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Northwestern University Feinberg School of Medicine
Research

Student Q&A: Benjamin Haley, Driskill Graduate Program in the Life Sciences

Benjamin Haley

Where are you originally from?
I’m originally from Downers Grove, Ill. I've lived in Chicago for some time.

What is your educational background?
I did my undergraduate degree in honors biology at the University of Illinois in Champaign-Urbana.

What are your research interests?
Broadly, I want to use statistics to help people.

My thesis project is focused on the danger of radiation exposure. Radiation protection agencies estimate the risk of ionizing radiation exposure from studies of atomic bomb survivors. But atomic bomb survivors were exposed to one high-dose and high-dose rate exposure, while populations today are exposed to low-dose and low-dose rate exposures. The risk seen in atomic bomb survivorsis divided by the dose and dose-rate effectiveness factor (DDREF) to estimate the risk of exposures at lower doses and dose rates. I am revisiting this estimate of DDREF using historic animal studies.

I also volunteer with a lab at Stanford called PERTS. We work on social psychology interventions that help students perform better in school. Many kids hold the debilitating (and wrong-headed) attitude that intelligence is something you are born with. We create online exercises that help students understand that the brain is like a muscle: the more it is worked, the stronger it grows. We use randomized controlled trials to measure the efficacy of these exercises. Amazingly, (to me) they seem to work. Low achieving students in our experimental groups score 0.2 GPA points higher, on average, than corresponding control students. We recently launched a study at the Khan Academy. Students in this study finish two percent more exercises when they see our messages.

What attracted you to the Driskill Graduate Program?
I worked for my current PI, Gayle Woloschak, PhD, as a technician and she encouraged me to apply.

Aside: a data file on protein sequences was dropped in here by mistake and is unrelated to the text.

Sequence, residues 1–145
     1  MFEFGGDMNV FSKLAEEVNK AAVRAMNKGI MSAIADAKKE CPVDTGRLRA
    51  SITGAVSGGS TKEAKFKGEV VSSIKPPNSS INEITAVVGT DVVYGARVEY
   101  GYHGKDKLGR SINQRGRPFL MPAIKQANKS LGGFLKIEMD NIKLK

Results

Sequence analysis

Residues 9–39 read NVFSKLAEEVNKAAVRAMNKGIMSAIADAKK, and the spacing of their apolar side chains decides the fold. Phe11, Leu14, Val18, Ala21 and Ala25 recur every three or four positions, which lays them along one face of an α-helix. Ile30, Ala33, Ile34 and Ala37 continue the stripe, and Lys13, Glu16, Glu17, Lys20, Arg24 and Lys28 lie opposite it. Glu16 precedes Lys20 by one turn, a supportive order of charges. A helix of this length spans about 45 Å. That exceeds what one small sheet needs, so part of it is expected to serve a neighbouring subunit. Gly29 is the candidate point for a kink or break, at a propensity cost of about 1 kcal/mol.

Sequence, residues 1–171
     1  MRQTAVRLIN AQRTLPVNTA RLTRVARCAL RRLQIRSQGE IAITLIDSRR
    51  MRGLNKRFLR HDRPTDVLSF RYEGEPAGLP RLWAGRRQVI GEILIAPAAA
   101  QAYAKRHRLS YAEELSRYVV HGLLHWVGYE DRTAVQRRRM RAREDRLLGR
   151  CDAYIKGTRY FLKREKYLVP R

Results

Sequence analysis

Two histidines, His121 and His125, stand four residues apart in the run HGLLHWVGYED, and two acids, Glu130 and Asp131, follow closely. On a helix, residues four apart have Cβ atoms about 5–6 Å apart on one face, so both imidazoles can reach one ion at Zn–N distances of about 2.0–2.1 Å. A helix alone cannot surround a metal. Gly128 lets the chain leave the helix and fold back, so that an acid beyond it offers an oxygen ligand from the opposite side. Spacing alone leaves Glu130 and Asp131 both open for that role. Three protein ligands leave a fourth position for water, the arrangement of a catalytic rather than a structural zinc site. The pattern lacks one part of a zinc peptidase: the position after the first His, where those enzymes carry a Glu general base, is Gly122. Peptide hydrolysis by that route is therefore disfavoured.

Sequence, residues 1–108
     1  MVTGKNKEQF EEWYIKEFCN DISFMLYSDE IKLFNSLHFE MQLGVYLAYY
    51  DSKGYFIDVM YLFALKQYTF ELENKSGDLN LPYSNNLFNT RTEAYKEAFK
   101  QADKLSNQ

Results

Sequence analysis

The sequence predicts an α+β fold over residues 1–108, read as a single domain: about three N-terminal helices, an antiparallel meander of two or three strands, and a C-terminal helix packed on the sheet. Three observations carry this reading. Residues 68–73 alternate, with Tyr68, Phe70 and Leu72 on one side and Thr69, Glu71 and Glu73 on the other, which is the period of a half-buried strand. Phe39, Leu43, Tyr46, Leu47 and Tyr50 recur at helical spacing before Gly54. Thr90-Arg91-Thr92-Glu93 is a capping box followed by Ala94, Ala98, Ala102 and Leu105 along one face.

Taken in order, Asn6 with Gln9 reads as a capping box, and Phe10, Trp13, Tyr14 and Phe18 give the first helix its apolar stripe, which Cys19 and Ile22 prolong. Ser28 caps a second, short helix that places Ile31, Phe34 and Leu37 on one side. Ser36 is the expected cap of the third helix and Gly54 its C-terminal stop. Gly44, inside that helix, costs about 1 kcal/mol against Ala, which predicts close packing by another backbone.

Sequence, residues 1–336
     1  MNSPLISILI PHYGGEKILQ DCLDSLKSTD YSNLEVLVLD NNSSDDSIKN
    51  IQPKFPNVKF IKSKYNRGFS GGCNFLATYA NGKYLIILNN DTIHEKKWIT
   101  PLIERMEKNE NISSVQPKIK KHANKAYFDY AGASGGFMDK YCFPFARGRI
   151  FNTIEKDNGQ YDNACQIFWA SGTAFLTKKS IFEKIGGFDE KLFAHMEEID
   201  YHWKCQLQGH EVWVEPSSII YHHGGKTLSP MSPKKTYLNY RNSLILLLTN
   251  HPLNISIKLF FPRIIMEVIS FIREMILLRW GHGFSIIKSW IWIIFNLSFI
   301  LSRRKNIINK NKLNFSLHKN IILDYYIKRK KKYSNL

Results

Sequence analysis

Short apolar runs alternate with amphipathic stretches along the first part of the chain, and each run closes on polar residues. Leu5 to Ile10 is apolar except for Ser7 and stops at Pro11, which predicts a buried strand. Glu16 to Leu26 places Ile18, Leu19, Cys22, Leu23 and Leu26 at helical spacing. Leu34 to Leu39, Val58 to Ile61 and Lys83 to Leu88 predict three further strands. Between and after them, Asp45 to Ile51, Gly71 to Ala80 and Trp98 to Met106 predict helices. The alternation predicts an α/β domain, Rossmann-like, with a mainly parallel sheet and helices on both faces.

What has been your best experience at Feinberg?
The best thing about Feinberg has been flexibility. In my rotations, I was able to work on a remote control robot that performs crystallography at Argonne, and to analyze electronic medical records from patients at Northwestern Memorial Hospital.

Now, I have a lot of freedom to determine my thesis project, study what I want, and spend my time in the way I see fit. It’s liberating and productive.

How would you describe the faculty at Feinberg?
I've had some amazing experiences. Richard Miller, PhD, and Philip Hockberger, PhD, teach a great class called “Science and Society.” Each class is a roundtable discussion about the biggest achievements in science (relativity, the creation of the Royal Society, cloning, etc.) and how these have impacted society. It is one of my top five courses of all time.

What do you do in your free time?
I try to do lots, I suppose. I love taking online courses through coursera and udacity. My fiancé and I just started a course sponsored by Doris Buffet called 'learning by giving' where you study effective charitable giving. The class project is to give away $10,000. I'm an avid ice cream maker; saffron has been my favorite flavor so far. I love swimming, and I intend to swim to a ship wreck in Lake Michigan in a couple of weeks. I also enjoy attending the many music festivals Chicago has to offer.

What are your plans for after graduation?
It’s so hard to predict the future.  I like to focus on process.  I want to do stats each day, have lots of excuses to study new things, and do lots of walking.

Connect with Benjamin on LinkedIn.